Culture and Thinking



Type of instruction




Part of degree program


Recommended in

Semester 2

Typically offered in

Spring semester

Course description

Aim of the course

One of the most significant achievements of cultural and cross-cultural psychological and pedagogical research in the past few decades has been the accumulation of ever richer knowledge about the diversity of the evolution, development and operation of cognitive development, learning and social behavior. Proceeding systematically from perception to the most complex learning and social processes, the course discusses the differences and similarities as regards these phenomena in East-Asian and Euro-American cultures as well as in cultures of the Arabic countries.

Learning outcome, competences

  • Knowledge and understanding of the main characteristics of the values of diffferent cultures
  • Knowledge of the main achievements of modern cultural psychology
  • Understanding of the interrelation between thinking, social behavior and culture
  • Knowledge and understanding of theoretical and applicational aspects of social integration and acculturation


  • Openness to accepting the values of other cultures
  • Recognition of cultural differences, the importance of individual cultural identities and the complexity of everybody’s identity
  • Acceptance of the fact that the co-existence of cultures may lead to conflicts in every field of social life, which can be peacefully solved by mutually constructive process of pluralistic societies
  • Seeing cultural diversity an opportunity with valuable assets that can be used for the purpose of social integration and development


  • Ability to take into accout basic human rights, the characteristics of values and belief systems of different cultures as well as the process of value change
  • Ability to reflect on the hidden assumptions of one’s own culture, to identify and critically relate to one’s own prejudices and ethnocentric views as well as to help promote this selfreflection in others.
  • Ability to put theoretical knwledge in practice and to work efficiently in intercultural organizations and to win partners’ co-operation

Content of the course
Topics of the course

  • General introduction. The two cultural areas and the independence and interdependence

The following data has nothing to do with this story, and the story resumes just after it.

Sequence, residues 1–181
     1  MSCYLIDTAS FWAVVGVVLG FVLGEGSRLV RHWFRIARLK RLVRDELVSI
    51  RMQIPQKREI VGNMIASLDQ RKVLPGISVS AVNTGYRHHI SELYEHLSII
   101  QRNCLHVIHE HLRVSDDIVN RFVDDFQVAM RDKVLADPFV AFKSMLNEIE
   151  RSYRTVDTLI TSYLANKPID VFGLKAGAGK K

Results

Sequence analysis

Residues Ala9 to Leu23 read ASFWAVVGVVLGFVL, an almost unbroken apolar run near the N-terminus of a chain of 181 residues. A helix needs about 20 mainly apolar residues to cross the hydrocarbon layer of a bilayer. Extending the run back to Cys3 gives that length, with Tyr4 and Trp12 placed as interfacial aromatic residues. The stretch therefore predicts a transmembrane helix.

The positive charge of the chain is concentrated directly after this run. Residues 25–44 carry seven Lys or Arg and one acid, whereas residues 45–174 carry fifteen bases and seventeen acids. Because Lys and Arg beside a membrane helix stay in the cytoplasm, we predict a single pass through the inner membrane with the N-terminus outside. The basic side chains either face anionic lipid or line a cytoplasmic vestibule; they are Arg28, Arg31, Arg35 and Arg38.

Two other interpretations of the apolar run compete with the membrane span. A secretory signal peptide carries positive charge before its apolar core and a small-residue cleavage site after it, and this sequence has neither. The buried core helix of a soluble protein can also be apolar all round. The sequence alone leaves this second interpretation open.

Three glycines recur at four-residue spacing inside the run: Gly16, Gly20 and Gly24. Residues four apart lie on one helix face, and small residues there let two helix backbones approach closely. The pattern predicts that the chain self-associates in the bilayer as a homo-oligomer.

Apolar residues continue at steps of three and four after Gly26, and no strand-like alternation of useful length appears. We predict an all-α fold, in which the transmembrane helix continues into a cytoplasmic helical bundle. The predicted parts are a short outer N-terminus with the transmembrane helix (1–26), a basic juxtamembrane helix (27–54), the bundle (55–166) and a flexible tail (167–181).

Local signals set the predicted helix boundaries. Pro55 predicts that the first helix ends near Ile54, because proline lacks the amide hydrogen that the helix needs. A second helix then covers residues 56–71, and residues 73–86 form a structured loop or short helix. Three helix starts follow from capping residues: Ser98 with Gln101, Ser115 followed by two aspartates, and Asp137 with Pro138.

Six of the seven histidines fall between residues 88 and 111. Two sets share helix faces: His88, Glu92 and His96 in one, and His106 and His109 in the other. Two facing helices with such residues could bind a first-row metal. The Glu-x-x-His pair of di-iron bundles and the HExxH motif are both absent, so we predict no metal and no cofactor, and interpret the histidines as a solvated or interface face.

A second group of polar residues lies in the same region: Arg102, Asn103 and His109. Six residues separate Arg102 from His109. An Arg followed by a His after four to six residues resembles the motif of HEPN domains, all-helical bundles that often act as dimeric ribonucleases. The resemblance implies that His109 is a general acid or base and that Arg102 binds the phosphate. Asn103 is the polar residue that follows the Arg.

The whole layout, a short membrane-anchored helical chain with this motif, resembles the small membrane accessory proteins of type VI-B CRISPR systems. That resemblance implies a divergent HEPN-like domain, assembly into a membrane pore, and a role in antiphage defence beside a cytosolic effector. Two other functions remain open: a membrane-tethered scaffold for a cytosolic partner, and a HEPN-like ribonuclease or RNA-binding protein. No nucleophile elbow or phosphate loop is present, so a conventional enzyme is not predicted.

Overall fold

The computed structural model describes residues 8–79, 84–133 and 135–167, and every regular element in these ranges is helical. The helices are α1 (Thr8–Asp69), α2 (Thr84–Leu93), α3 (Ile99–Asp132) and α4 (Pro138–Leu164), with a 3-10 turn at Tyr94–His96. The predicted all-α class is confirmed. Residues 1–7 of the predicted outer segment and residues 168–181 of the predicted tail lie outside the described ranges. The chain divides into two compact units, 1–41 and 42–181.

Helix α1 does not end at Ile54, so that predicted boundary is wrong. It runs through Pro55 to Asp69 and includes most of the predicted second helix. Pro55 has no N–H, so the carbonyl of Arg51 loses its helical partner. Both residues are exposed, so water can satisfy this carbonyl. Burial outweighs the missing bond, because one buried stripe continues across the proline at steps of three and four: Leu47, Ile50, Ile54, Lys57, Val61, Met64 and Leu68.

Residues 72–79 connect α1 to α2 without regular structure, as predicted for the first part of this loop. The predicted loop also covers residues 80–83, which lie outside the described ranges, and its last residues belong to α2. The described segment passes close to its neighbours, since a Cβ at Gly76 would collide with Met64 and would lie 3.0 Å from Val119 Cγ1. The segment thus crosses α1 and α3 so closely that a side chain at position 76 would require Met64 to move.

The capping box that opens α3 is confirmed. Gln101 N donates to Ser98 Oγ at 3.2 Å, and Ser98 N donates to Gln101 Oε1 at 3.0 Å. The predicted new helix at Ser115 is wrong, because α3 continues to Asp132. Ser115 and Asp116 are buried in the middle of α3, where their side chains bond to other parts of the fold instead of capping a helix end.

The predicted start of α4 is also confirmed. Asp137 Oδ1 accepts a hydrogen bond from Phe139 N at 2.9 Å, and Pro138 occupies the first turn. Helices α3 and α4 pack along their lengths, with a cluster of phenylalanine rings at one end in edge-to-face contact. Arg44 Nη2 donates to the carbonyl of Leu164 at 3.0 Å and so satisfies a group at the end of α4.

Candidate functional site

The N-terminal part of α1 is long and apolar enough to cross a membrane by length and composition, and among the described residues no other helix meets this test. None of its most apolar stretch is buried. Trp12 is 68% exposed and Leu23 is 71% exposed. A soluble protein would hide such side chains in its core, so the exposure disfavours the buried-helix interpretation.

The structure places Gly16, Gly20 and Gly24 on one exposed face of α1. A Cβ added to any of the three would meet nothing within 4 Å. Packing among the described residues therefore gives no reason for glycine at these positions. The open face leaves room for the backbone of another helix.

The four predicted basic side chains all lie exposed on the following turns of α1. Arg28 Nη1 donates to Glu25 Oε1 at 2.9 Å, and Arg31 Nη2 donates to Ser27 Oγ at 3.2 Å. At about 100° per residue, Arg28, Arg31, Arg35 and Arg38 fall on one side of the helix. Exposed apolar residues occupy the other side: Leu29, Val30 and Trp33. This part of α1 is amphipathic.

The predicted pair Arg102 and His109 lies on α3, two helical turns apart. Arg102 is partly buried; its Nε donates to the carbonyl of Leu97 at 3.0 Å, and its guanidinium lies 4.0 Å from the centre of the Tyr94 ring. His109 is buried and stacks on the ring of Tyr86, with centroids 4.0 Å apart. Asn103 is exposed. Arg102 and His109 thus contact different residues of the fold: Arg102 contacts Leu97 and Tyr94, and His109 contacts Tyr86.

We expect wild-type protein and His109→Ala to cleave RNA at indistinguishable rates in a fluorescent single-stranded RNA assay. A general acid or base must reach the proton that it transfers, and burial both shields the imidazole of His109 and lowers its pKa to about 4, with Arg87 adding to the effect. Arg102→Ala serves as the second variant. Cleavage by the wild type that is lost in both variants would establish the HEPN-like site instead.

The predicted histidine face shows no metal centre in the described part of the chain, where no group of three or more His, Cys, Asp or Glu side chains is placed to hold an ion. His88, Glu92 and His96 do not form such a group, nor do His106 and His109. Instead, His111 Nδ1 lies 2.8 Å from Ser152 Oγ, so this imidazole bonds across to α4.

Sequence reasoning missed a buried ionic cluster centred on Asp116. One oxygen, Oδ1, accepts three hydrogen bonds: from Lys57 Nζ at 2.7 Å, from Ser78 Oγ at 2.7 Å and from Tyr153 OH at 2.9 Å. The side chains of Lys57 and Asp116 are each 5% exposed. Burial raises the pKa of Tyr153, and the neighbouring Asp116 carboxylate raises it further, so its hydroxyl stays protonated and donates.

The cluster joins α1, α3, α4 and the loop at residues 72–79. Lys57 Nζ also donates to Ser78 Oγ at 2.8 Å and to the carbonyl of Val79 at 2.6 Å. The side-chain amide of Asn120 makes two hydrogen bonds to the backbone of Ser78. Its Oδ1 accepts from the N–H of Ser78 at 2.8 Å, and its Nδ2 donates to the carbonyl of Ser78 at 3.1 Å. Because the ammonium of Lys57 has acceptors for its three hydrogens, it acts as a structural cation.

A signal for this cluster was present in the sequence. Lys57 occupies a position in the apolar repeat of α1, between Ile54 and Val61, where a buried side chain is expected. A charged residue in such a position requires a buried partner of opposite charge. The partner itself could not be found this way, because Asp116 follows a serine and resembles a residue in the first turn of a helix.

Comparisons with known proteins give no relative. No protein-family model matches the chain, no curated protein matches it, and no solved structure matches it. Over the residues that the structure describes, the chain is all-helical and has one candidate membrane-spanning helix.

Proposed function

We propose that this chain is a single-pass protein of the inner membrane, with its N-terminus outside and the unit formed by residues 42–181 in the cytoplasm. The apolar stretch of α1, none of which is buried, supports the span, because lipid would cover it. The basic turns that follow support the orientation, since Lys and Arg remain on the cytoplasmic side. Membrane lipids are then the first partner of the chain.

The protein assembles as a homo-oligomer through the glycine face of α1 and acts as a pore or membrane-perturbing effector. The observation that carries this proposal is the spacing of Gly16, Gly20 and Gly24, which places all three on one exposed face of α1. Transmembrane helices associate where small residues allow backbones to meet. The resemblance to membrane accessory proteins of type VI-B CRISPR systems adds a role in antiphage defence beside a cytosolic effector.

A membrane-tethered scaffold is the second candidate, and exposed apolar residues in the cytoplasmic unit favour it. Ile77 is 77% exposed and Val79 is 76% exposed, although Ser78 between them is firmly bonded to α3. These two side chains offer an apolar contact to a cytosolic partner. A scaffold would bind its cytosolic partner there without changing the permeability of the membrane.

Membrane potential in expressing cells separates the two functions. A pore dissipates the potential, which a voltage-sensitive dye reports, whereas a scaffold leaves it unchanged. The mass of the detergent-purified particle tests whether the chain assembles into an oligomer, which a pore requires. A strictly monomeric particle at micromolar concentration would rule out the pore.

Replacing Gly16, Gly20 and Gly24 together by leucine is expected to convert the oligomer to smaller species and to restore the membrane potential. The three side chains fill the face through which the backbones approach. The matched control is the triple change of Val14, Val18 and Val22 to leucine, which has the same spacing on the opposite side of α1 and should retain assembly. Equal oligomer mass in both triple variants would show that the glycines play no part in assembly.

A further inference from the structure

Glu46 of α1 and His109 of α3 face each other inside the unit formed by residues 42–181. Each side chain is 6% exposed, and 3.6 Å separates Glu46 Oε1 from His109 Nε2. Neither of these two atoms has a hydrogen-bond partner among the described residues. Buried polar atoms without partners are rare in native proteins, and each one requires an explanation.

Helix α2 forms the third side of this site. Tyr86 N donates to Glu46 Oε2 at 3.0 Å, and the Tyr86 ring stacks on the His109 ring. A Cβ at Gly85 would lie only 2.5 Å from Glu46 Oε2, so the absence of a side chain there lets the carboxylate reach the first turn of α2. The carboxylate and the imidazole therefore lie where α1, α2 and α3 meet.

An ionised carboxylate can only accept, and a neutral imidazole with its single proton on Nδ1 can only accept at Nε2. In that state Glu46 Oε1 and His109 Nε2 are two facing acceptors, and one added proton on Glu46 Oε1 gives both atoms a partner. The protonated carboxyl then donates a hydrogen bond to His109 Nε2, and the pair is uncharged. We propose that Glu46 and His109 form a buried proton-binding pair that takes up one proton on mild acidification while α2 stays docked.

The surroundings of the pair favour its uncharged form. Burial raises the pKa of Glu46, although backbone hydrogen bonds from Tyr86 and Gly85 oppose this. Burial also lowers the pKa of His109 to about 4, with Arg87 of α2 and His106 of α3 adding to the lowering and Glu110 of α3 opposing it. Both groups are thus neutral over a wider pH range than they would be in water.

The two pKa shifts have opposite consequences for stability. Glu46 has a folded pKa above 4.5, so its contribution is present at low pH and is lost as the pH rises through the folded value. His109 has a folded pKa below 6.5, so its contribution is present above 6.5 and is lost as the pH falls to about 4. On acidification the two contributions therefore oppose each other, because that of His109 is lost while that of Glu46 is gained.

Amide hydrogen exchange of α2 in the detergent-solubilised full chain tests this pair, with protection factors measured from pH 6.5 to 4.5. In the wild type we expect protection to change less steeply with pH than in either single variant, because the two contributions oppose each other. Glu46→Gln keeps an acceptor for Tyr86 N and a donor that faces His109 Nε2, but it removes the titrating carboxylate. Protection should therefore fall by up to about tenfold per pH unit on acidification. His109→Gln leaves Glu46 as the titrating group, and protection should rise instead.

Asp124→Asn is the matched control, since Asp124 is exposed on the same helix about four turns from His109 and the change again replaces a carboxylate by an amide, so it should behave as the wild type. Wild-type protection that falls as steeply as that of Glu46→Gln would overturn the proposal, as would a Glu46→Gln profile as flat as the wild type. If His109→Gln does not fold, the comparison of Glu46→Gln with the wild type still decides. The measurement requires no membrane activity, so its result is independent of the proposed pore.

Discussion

• Perception and thinking across cultures. Analytic and holistic approaches
  • Emotion, motivaton, and control
  • Social behavior
  • Learning, cognitive development and socialization
  • Communication and conflict resolution. Face and morality
  • Psychological well-being and coping
  • Patterns of acculturation of East-Asian and Arabic groups

Learning activities, learning methods

Interactive lecture, experiential learning, films, work in groups and dyads.

Evaluation of outcomes
Learning requirements, mode of evaluation, criteria of evaluation:

  • active participation in the class
  • following materials of the course, reading literature

mode of evaluation:

  • written tests and written assignments to be uploaded on the elearning platform of the course during the semester, (50%) (dates to be designated at the beginning of the course)
  • oral or written exam (50%): based on lecture materials and readings

criteria of evaluation:

  • understanding the topics and connections between different topics, concepts discussed in the course, the capacity to place them in a broader background
  • capacity to apply the knowledge acquired in the course

Compulsory reading list

  • Bond, M.H. (ed.) (2010) The Oxford handbook of Chinese psychology. Oxford University Press.
  • Dwairy, M. – Achoui, M. (2006): Introduction to three cross-regional research studies on parenting styles, individuation, and mental health in Arab societies. Journal of Cross-Cultural Psychology, 37(3), 221-229.
  • Gregg, G. S. (2005): The Middle East: a cultural psychology. Oxford University Press.
  • Kim, U, Yang, K-S. & Hwang, K.-K..(eds.) (2006) Indigenous and cultural psychology: Understanding people in context. Springer Series on International and Cultural Psychology. New York: Springer.
  • Markus. H. & Kitayama, S. (1991). Culture and the Self: Implications for cognition, emotion and motivation. Psychological Review, 98, 224-253.
  • Nisbett, R. E. (2003) The Geography of Thought: How Asians and Westerners Think Differently...and Why. The Free Press, New York, NY.
  • Sidanius, J. – Kteily, N., – Levin, S. – Pratto, F., – Obaidi, M. (2016): Support for asymmetric violence among Arab populations: The clash of cultures, social identity, or counterdominance?.Group Processes & Intergroup Relations, 19(3), 343-359.
  • Talhelm, al. (2014) Large-Scale Psychological Differences Within China Explained by Rice Versus Wheat Agriculture. Science, 344, 603-608.